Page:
Kashy Keegan: These days even the main Cantopop stars struggle to make a living from music. With more and more venues being forced to close down because of skyrocketing rents, it’s harder to find spaces to perform. I guess if you really want to succeed as an alternative musician, you have to look further afield to mainland China.

Don't Stop Believin'
Newbie Rocker: Wow, I thought it was just about singing on a stage! What’s the best piece of advice you can give me?

Nate Wong: You need a 45-minute set of good original music you can nail live, and an EP that sounds good. When you have that, perform as much as possible and produce and share content online. After that you have to maneuver your own journey. We're all trying to fit the music that we want to make into society. The opportunities are there to be had.

Nat B: Be creative, determined and consistent. Promote yourself, get out and perform where you can and meet lots of people. Get on social media and explore other bands. Don't limit yourself to Hong Kong either. Meet people in other countries who love live music, places like Manila or Beijing. We should be working together.

Arthur Urquiola: Respond to every email right after you get it. Make the calls to make whatever awesome, insane or improbable idea you have a reality. The worst that can happen is sometimes people on the other end say no.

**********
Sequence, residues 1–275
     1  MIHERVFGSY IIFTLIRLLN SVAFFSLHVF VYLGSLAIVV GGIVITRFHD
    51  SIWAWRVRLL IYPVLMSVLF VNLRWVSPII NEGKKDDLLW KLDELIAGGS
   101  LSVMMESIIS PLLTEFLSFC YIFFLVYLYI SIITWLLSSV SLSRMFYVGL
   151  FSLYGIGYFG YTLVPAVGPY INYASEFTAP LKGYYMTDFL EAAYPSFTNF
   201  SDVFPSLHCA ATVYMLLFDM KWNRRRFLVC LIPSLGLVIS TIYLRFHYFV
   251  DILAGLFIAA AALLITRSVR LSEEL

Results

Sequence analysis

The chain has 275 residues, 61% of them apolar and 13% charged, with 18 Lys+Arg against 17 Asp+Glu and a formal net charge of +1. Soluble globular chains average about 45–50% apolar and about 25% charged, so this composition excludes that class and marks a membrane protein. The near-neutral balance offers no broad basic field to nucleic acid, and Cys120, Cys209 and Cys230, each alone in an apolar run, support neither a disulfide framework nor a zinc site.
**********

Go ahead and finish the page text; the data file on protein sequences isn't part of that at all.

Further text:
The Last Word
Justin Sweeting, the Music Director, Magnetic Asia and co-founder of Clockenflap.

A major issue in Hong Kong is the low glass ceiling and a lack of venues to support the artists as they grow. Once you’ve filled a 300-capacity and then 600-capacity venue, what do you do next?

Events like Clockenflap provide a different rung on that ladder. The majority of the festival artists have been local from day one, and it’s been our mission from the start to nurture and contribute to growth in the local scene in a positive way.

We’ve put bands like Noughts and Exes and Chochukmo on the big stage and they absolutely nailed it with incredible performances. This year I can’t wait to see acts like Life Was All Silence, Leah Dou, Jing Wong, OWK and many others do the same.

As a band, make it impossible for us not to book you. Spend your time focusing on your songs and performance—if you get that part right, all the other stuff should follow naturally.

A version of this article appears in the November 27, 2015 issue of HK Magazine.